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On the Issue of Political Extradition & the United States: Saints & Sinners

If justice is transitive, it applies to all alike, and we should critically engage the grave double standard the United States applies to extradition requests it issues, while requests submitted to it for criminals, terrorists and stooges of corrupt regimes … Continue reading

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Interview With Rob Dietz of CASSE, co-author of “Enough is Enough”

Rob Dietz recently published the book Enough is Enough with co-author Dan O’Neill. The gist of the book is that the growth-oriented consumer culture in places like the United States and Europe, where, even in the recent crisis, people are … Continue reading

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“I Had Weird Educational Experiences”: Interview With Noam Chomsky

Spirit: Alot of theorists, I think of EJ Hobsbawm in particular, in the book  On History, separate the concept of “biography” from that of “history”. You’ve been more concerned, it is apparent, in your career, with the latter rather than … Continue reading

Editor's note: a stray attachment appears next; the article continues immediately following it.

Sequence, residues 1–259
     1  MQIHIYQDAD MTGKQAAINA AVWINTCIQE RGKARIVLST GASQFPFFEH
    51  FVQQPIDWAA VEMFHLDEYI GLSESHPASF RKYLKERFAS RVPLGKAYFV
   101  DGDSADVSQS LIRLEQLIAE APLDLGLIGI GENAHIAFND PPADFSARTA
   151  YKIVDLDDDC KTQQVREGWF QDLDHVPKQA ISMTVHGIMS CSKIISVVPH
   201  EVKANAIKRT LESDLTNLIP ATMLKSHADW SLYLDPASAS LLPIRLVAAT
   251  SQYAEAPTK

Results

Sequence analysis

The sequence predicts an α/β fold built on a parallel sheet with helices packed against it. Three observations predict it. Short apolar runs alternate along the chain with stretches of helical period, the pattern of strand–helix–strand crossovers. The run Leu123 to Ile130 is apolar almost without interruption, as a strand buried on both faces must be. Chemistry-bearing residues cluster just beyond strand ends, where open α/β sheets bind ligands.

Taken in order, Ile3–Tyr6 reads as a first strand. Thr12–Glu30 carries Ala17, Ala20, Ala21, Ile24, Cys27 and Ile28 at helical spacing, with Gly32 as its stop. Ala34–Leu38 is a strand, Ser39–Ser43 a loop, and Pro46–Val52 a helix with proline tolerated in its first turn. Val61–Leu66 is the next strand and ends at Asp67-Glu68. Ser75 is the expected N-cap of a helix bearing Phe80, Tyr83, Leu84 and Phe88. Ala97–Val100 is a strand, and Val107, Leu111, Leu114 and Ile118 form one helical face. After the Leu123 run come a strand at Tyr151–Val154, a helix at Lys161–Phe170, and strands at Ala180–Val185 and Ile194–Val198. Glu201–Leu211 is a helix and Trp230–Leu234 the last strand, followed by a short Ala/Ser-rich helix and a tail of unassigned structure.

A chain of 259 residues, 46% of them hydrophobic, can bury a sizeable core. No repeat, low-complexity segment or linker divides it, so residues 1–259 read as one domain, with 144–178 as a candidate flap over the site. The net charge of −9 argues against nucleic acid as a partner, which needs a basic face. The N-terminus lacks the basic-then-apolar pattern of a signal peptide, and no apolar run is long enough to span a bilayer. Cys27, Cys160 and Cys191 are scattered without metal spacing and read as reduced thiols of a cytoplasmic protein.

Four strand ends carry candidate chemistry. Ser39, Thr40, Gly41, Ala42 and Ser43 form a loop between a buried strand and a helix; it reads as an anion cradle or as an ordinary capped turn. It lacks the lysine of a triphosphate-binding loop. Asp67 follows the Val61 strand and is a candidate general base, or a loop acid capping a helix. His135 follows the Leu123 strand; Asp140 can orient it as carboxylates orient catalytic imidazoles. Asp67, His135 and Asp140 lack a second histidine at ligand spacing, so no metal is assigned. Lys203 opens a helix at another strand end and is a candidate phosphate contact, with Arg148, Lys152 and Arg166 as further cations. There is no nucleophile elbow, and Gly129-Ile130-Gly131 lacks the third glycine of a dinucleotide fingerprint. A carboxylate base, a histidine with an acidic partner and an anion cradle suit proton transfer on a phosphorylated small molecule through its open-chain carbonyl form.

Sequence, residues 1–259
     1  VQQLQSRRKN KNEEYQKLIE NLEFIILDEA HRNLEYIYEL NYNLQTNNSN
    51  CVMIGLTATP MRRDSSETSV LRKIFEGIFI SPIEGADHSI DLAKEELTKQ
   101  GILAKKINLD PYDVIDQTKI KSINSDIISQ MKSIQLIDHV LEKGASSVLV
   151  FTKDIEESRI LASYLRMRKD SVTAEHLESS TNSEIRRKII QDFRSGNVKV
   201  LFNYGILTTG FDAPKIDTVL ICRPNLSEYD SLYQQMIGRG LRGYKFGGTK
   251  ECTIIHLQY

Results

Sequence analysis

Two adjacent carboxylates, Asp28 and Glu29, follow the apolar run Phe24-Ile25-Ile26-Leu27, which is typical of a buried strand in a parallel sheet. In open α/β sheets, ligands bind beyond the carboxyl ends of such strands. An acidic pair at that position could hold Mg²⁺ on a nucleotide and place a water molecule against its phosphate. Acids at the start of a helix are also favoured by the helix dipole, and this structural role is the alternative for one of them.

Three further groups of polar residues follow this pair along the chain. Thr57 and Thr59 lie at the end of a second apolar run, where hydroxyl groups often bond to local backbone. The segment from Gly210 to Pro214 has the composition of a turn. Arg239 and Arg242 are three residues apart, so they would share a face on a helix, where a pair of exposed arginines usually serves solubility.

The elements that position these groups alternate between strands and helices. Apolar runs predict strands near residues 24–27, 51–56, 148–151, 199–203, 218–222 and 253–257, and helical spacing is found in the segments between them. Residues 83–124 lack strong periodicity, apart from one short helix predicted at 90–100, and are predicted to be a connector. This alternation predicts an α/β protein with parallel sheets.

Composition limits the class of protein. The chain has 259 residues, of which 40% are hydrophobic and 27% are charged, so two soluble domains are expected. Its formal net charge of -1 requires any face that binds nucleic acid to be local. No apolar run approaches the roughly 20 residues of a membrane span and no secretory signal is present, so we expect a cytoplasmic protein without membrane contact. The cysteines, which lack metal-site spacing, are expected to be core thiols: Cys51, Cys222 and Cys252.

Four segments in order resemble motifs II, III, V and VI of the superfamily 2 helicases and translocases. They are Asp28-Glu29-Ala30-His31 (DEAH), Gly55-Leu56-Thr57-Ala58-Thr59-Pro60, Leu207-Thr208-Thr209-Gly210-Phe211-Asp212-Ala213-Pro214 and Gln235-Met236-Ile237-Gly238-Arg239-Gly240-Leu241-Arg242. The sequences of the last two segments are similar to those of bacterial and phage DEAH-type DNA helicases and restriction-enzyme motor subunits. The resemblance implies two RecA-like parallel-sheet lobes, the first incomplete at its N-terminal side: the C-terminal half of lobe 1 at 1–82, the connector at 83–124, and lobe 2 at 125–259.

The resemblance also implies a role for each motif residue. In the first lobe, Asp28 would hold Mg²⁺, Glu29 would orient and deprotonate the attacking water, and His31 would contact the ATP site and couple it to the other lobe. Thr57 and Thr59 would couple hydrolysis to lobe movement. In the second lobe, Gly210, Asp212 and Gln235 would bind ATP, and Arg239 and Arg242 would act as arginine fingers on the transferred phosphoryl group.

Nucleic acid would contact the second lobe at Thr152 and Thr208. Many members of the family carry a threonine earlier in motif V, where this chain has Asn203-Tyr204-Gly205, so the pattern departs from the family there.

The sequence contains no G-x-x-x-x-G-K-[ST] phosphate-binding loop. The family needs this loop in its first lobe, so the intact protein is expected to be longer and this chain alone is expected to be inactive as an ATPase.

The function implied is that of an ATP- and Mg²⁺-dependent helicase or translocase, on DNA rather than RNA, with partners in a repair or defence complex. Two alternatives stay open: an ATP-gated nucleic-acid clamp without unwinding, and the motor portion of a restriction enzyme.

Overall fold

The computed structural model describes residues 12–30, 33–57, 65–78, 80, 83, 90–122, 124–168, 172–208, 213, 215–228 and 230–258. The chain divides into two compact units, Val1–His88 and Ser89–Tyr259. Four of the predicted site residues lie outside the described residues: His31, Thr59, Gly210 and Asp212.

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A Call for a Leftist Front a la Mont Pèlerin

  Friedrich von Hayeck ends his famous essay The Intellectuals and Socialism with the question of whether the intellectual revival of liberalism occurring in some places in the post-WWII world (notably in Germany and the Anglophone countries) was “in time”. … Continue reading

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Breaking With the Economic Beatitude: Refutations of Some Prevailing Notions Against the Basic Income

I’ve written elsewhere on the subject of immaterial hurdles facing the argument for the basic income guarantee [µ]. I want to shortly summarize the sentiments constituting these hurdles, and outline the counter-arguments I’ve given against these views. In my prior … Continue reading